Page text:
In pursuit of this they have conducted research into the areas in which the industry let customers down last year and found there were seven key elements. They have then built their ‘holiday promise’ based on these seven. These include a guarantee of money back within 14 says in the event of a cancellation, the ability to speak to a human quickly, price matching and Covid cover plus.

This seems a great first step and is in line with our research which showed that 72% of us feel that cancellation polies are more important than they were in the past and it does seem to be working to bring business back however, as even he admits, it is not a long-term solution. He doesn’t want to be competing in 5 years-time on what should really be hygiene factors for the industry – value for money and trust.

More is therefore needed and there are three keyways to build back up in the future:

Tune into the (changing) mood of your customer – Having customer insight at the heart of your strategy has and always will be fundamental to success but I have never known a 12- months in which attitudes and behaviour has changed so rapidly, so often. Staying tuned into this is key to survival in the months and years ahead. Like businesses, the consumer has gone through a great deal of change and upheaval over the last year and consumer behaviour has had to adapt to respond to these changes. From a surge in online shopping, a shift in work-life balance and a prioritisation of hygiene and cleanliness – consumer desires, perceptions and behaviour has shifted dramatically, and this is likely to impact the holiday sector. How long-lasting these changes will be we are yet to see but they are unlikely to go away overnight.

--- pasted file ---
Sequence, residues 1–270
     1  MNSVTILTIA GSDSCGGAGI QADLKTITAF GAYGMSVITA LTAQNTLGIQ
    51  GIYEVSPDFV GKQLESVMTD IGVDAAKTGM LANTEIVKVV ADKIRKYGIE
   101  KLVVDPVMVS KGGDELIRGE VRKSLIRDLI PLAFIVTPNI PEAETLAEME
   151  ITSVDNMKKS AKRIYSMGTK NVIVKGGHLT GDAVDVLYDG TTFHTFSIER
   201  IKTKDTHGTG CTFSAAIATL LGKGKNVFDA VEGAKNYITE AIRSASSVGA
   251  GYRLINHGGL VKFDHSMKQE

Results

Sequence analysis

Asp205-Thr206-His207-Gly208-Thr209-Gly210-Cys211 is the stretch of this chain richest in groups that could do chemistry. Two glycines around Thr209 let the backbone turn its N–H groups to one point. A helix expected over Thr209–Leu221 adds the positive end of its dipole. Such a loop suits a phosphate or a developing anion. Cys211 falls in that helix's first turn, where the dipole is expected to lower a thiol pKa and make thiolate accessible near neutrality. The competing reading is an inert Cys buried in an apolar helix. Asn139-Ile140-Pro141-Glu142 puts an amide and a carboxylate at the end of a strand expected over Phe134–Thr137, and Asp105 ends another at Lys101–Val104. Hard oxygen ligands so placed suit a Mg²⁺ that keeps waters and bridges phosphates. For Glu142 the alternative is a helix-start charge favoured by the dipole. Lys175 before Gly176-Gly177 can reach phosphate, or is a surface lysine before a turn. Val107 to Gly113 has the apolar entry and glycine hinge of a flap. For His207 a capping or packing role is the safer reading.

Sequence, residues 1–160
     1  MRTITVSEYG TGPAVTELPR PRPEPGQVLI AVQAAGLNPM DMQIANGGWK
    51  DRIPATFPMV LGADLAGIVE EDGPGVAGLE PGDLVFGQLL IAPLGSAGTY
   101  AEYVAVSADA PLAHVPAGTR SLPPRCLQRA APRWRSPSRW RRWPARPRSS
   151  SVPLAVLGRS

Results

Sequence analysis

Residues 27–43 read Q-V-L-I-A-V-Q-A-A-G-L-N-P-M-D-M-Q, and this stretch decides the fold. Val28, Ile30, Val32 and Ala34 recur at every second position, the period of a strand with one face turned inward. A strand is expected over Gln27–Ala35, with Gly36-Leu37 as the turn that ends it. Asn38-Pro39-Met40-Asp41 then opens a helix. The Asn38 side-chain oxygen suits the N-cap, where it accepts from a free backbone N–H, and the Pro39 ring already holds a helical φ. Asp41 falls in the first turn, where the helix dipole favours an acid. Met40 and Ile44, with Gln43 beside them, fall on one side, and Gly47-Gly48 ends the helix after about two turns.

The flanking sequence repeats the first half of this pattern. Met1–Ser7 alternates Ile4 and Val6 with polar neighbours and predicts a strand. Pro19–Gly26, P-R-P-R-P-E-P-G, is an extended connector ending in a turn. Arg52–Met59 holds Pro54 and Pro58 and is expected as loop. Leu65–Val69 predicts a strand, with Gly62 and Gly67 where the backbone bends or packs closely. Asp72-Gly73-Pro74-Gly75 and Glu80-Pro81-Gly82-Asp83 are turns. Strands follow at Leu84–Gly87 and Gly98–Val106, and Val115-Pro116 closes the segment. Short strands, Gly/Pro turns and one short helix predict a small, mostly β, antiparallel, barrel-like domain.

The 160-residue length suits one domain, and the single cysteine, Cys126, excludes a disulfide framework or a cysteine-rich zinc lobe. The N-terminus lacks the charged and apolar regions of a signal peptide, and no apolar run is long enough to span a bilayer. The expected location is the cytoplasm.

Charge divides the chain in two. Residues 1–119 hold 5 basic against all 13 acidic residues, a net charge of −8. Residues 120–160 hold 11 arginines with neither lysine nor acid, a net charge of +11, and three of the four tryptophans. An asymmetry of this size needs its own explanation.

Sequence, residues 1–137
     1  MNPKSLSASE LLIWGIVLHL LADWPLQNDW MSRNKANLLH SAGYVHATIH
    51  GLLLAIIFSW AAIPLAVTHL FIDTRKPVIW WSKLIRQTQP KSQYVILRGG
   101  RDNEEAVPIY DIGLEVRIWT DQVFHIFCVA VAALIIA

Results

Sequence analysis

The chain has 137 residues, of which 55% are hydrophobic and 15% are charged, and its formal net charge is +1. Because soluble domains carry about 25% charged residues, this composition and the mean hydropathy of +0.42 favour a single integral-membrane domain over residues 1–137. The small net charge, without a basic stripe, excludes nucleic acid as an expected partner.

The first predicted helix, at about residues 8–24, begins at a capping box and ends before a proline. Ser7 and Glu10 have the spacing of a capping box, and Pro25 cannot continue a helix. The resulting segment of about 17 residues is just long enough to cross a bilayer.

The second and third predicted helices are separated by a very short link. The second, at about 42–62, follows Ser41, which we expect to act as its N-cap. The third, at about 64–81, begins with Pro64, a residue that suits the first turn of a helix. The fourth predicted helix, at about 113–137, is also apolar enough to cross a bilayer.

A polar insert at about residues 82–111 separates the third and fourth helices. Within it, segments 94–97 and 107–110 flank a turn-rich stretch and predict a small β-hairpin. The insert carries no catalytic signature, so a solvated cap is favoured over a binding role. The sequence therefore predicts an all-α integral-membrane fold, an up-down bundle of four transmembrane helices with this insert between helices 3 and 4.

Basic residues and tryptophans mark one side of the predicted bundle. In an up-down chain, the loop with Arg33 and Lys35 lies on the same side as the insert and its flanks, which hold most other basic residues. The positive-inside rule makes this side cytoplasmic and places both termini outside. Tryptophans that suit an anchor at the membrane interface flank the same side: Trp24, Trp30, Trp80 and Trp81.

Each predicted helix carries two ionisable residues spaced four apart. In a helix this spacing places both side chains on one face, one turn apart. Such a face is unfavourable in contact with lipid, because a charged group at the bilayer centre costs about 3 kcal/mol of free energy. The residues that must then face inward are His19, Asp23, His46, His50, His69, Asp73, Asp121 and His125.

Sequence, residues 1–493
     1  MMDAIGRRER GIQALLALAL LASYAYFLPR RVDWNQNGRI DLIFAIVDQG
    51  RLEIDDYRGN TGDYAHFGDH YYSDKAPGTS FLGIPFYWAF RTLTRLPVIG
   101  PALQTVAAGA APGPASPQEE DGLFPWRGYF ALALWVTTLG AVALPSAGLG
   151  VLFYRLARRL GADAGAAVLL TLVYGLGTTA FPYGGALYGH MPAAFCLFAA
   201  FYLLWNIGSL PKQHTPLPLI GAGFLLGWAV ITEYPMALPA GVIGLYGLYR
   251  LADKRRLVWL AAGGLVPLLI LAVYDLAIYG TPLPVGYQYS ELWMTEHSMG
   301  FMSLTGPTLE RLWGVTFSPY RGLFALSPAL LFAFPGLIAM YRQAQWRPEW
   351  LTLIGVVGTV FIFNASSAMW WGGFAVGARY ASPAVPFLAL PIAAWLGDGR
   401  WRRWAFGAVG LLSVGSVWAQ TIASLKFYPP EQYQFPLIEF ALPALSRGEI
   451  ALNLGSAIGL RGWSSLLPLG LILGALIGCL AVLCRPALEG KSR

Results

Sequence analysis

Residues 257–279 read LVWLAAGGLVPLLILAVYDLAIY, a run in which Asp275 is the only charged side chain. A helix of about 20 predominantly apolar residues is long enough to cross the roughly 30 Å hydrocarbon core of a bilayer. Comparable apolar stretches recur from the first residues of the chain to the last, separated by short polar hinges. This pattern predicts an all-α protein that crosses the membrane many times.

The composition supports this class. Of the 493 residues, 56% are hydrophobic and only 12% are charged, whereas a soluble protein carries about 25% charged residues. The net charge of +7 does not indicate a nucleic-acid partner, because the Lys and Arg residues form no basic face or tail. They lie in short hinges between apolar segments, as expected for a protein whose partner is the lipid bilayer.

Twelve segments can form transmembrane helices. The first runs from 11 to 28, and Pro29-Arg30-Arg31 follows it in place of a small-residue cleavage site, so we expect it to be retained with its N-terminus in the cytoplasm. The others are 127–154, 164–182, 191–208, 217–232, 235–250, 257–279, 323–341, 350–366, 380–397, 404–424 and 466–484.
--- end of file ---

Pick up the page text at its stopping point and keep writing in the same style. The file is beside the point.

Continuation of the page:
Use your brand as compass and anchor – your brand is your most valuable business tool.

If you have it right your brand should be credible, motivating to your customers and your colleagues and allow you to be distinctive in your market. Making sure you stay true to it, allowing it to guide strategic and tactical decisions across the whole business, not just marketing, will allow you to thrive and grow especially in an increasingly competitive arena.

This is no more true than in the package holiday sector. Every time we conduct research in the holiday sector, we hear how a strong brand is intrinsically linked to consumer trust.

“Brand recognition is important, someone you’ve heard of because if not you’d be a bit like hmm can I trust them?”
Families, Stoke

“you trust big brand like Virgin for a holiday because they are such a big brand”
Couples, Watford

Aligned to this is the third vital lesson to follow

Keep your experiences distinct – Many cite the demise of Thomas Cook even before this pandemic as being due to a lack of differentiation. They were not offering anything different from the competition and so were going head-to-head with the internet and the internet won!

Brands are built not by what brands say or even do but how they make customers feel – the experience they offer to customers and also colleagues. If you have a motivating, credible and distinct brand and you religiously align your external and internal experience to that brand you will make customers feel how you want them to feel, they will remain loyal to you and tell their families, friends and followers to book their next relaxing holiday in the sun with you.

The stage is set for the package industry to thrive once we all start traveling again. They can offer what we all want but it will only be those that truly understand and keep pace with what that is, base their brand around it and deliver it faultlessly through their experience that will survive.
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Emma has had a very successful marketing career spanning a range of industries. This enables her to truly understand, and help overcome, the challenges her clients face in developing and operationalising winning brands.
Find out more about Emma T